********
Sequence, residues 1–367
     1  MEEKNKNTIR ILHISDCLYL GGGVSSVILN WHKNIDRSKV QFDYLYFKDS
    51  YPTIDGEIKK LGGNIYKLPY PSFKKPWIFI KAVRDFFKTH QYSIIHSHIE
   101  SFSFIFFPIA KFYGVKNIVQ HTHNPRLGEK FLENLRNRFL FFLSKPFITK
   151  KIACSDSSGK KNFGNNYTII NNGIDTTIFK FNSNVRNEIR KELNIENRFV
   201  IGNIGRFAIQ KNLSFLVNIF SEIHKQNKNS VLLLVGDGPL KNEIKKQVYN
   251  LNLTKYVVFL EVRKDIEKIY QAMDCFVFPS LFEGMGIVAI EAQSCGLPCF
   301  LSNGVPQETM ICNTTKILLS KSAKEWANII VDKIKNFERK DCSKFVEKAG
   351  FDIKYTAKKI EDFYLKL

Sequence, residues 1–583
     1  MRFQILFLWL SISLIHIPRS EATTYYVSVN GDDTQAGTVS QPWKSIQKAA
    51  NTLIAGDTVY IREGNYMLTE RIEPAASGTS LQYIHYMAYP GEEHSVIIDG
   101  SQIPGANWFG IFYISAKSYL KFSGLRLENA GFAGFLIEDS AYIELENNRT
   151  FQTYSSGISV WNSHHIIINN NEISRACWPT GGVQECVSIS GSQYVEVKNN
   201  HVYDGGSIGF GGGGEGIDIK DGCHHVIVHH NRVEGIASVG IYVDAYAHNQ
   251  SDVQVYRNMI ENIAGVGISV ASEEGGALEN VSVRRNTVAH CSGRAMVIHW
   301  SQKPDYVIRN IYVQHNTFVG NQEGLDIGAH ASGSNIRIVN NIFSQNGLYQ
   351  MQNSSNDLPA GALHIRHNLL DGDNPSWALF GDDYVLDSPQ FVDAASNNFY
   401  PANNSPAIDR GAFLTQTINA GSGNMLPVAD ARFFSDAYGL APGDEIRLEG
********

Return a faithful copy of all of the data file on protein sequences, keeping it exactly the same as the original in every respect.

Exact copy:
Sequence, residues 1–367
     1  MEEKNKNTIR ILHISDCLYL GGGVSSVILN WHKNIDRSKV QFDYLYFKDS
    51  YPTIDGEIKK LGGNIYKLPY PSFKKPWIFI KAVRDFFKTH QYSIIHSHIE
   101  SFSFIFFPIA KFYGVKNIVQ HTHNPRLGEK FLENLRNRFL FFLSKPFITK
   151  KIACSDSSGK KNFGNNYTII NNGIDTTIFK FNSNVRNEIR KELNIENRFV
   201  IGNIGRFAIQ KNLSFLVNIF SEIHKQNKNS VLLLVGDGPL KNEIKKQVYN
   251  LNLTKYVVFL EVRKDIEKIY QAMDCFVFPS LFEGMGIVAI EAQSCGLPCF
   301  LSNGVPQETM ICNTTKILLS KSAKEWANII VDKIKNFERK DCSKFVEKAG
   351  FDIKYTAKKI EDFYLKL

Sequence, residues 1–583
     1  MRFQILFLWL SISLIHIPRS EATTYYVSVN GDDTQAGTVS QPWKSIQKAA
    51  NTLIAGDTVY IREGNYMLTE RIEPAASGTS LQYIHYMAYP GEEHSVIIDG
   101  SQIPGANWFG IFYISAKSYL KFSGLRLENA GFAGFLIEDS AYIELENNRT
   151  FQTYSSGISV WNSHHIIINN NEISRACWPT GGVQECVSIS GSQYVEVKNN
   201  HVYDGGSIGF GGGGEGIDIK DGCHHVIVHH NRVEGIASVG IYVDAYAHNQ
   251  SDVQVYRNMI ENIAGVGISV ASEEGGALEN VSVRRNTVAH CSGRAMVIHW
   301  SQKPDYVIRN IYVQHNTFVG NQEGLDIGAH ASGSNIRIVN NIFSQNGLYQ
   351  MQNSSNDLPA GALHIRHNLL DGDNPSWALF GDDYVLDSPQ FVDAASNNFY
   401  PANNSPAIDR GAFLTQTINA GSGNMLPVAD ARFFSDAYGL APGDEIRLEG